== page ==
Peter was next. Jason passed him the bottle, and we all just stared at him waiting for him to take a drink. It was the rawest form of peer pressure. Eyes on you, Peter. Whatchya gonna do? He put the bottle to his lips and took a big swig, no big deal. I was pretty sure these two boys had done this before.

Then it was Tammy-Lou’s turn. I knew she would be able to handle it because she was so tall and athletic. She took a swig, scrunched up her face, yelled “UGH,” and passed the bottle to me. I could not wait to taste this disgusting beverage. I took a big drink real fast, wanting to get it over with. It tasted like something the devil made, but I enjoyed the warm sting as it traveled down my throat into my belly.

We continued to pass the bottle and drink. After a few more swigs, I was officially drunk and experiencing the psychic transformation that alcohol provides. It was like I had just poured a solution to all my problems over my mind.

I felt like a superhero, like a very hyper, athletic, sexy, smart, courageous, teenage superhero. I ran around hurdling the net and climbing the fence. I didn’t know if I was showing off or trying to get my friends to worry about me. I liked the idea of being so crazy people worried about me. Then, I thought maybe I should kiss one of the boys, but I had no idea how to flirt, how to communicate, and my way of connecting with people was impressing them. But on this night, I realized all that shit didn’t matter.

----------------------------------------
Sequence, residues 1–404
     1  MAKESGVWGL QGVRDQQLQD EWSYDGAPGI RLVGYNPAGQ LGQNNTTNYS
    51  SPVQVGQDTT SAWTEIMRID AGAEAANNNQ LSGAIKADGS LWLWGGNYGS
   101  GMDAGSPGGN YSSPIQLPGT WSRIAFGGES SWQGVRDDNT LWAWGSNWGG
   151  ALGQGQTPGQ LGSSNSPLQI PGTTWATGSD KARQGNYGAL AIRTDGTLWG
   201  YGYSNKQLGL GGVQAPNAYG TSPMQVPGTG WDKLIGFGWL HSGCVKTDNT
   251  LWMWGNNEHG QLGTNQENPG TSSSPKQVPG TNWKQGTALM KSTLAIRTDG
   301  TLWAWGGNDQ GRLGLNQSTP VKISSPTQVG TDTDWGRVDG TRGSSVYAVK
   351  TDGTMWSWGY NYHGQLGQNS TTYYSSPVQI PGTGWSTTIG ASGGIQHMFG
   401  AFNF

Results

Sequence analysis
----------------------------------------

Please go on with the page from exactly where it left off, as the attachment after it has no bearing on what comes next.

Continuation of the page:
Tammy-Lou, Peter, and Jason stood in a huddle talking or whatever they were doing. I didn’t know and I didn’t really care because I could not contain my energy. Jason was usually the one to act like a nutjob, but on this night, it was my turn. I finally saw him as my equal. Jason was nothing but another kid on the planet. I was just as crazy as he was, and I would no longer hold him on a pedestal for being a bad kid who didn’t give a fuck. I was the bad kid who didn’t give a fuck. It was an incredible transformation. The nerves I had just an hour before were briefly drowned out by the voice of Jim Beam. A voice that I felt like I had been waiting for all my life.

I was feeling incredible and thought I should probably drink as much as possible so I could get MORE of those incredible feelings. I guess feeling drunk wasn’t enough; the darkness that lurked inside of me kept telling me I needed MORE. I went from experiencing my first drunkenness to experiencing my first blackout in less than a couple of hours.

All I know is that I was at the tennis courts trying to be crazier than Jason, and the next thing I know I’m in my basement with Tammy-Lou and my mom having somewhat of a normal conversation. Apparently we had rushed back to my house, making it just in time before she got home from work. She brought us some pizza and asked us why we had our coats on. We couldn’t say, “Oh, because we just got back from binge-drinking whiskey with some bad boys at the tennis court, and we didn’t have time to take our coats off before you got here,” so I said, “We’re cold.” Tammy-Lou chimed in, “Yeah, it’s cold in here.” And that was it. Mom was sort of like “Huh, okay” and walked away to get ready for bed. She didn’t know we were drunk AND she gave us Do Drop pizza.



Reprinted with permission from SOBER STICK FIGURE © 2016 by AMBER TOZER, Running Press, a member of the Perseus Books Group